Patrick S. Roberts is an associate professor in the school of public and international affairs at Virginia Tech and author of “Disasters and the American State: How Politicians, Bureaucrats, and the Public Prepare for the Unexpected.”

President Trump has made the obligatory stops in Texas and Florida after Harvey and Irma. (Nicholas Kamm/AFP/Getty Images)

In the wake of Hurricane Harvey, President Trump made the obligatory trip to Texas to demonstrate his empathy for disaster victims and to show his support for the recovery effort. On Wednesday, the president visited Florida in an effort to demonstrate that he is “a true leader who can bring the country together and get things done for the American people,” according to White House press secretary Sarah Huckabee Sanders.

Although such appearances have become routine, both the role of the president as a “responder-in-chief” and the belief that the federal government will ride to the rescue of disaster victims are a more recent development. Disasters were originally a matter for states and localities, if for the government at all. Today, by contrast, expectations for the president and the federal government have grown. Both have assumed larger roles in any number of policy areas, including education and welfare, over the past 80 years.

But disasters demand something more.

With powerful images that inspire fear and compassion, disasters create victims endowed with sympathy and perceived to be blameless and deserving of assistance. There’s no talk of anyone failing educational achievement tests, or of welfare recipients abusing government aid. And both Democrats and Republicans demand that the federal government help disaster victims.

In this environment, presidents feel called into action, literally rolling up their sleeves and appearing on scene to show compassion for those affected. But these appearances, and the widely circulated images they produce, are acts of political theater. The actual response is led not by the White House, but by neighbors, localities, states and the federal bureaucracy.

This sort of political theater is not without risk. Contrast the praise George W. Bush earned when he appeared alongside first responders after the Sept. 11, 2001, attacks with the sharp criticism of the photo of him surveying the damage from Hurricane Katrina while aboard Air Force One. Bush himself called the photo a “huge mistake” that made him look “detached and uncaring.” But the greater risk may be in heightening American expectations of what the federal government can accomplish without actually providing the resources needed to prevent such catastrophes.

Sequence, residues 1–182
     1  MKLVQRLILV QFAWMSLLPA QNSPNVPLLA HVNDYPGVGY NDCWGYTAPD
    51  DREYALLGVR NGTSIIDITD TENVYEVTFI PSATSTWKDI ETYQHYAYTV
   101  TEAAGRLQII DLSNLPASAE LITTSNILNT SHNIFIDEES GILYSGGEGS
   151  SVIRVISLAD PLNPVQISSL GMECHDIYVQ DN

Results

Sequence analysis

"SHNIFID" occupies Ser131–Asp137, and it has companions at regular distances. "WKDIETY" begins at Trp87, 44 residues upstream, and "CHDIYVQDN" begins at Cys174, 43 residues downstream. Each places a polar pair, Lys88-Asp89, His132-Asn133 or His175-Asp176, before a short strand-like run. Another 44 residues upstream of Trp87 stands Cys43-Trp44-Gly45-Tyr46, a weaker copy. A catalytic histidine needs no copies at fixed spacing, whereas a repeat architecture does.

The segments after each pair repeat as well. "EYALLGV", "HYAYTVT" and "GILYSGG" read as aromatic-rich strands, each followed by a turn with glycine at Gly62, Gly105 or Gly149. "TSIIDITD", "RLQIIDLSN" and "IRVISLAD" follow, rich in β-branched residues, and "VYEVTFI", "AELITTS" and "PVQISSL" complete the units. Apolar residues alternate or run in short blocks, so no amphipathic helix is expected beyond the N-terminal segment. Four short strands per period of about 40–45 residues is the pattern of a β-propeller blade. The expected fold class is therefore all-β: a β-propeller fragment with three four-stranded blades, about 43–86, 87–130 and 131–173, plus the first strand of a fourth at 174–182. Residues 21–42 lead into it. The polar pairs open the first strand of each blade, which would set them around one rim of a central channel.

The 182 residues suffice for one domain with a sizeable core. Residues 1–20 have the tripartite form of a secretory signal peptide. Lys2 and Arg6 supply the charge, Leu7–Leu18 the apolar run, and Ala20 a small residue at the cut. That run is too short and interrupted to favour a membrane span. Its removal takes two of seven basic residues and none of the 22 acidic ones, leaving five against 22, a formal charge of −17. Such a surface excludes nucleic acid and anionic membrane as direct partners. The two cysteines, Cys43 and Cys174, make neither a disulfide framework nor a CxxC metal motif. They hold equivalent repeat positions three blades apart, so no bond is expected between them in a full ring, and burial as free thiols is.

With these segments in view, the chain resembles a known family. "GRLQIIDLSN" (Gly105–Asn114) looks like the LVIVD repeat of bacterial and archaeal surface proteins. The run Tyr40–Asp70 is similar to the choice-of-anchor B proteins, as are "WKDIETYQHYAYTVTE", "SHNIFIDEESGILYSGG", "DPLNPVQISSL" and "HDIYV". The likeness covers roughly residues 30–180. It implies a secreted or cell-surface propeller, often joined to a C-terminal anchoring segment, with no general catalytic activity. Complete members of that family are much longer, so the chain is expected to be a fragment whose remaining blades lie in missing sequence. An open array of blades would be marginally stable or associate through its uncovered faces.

Presidents weren’t always at the center of disaster response. Throughout the 19th century the U.S. government made more than 100 ad hoc appropriations after earthquakes, fires, floods and Indian raids to restore infrastructure, such as ports and canals. Pleas for appropriations were directed at Congress, not the president, and some members objected that the “general welfare” clause of the Constitution was an insufficient basis on which to claim federal authority for disaster response.

After the 1906 San Francisco earthquake killed more than 3,000 people and leveled more than three-quarters of the city, President Theodore Roosevelt sent a telegram to the California governor: “Hear rumors of great disaster through an earthquake at San Francisco, but know nothing of the real facts.” Roosevelt called a Cabinet meeting the next day and sent his commerce secretary to California to investigate. The Red Cross responded on the federal government’s behalf days after the event, but information about what actually happened was scarce.

The New Deal and Great Society expanded the role of the federal government in American life, and disaster policy was no exception. In fact, President Franklin Roosevelt and Solicitor General Stanley Reed argued to the Supreme Court in 1936 that the Depression itself was a disaster that demanded federal intervention. And when floods and hurricanes hit in 1936 and 1937, New Deal agencies administered disaster relief, further justifying their existence.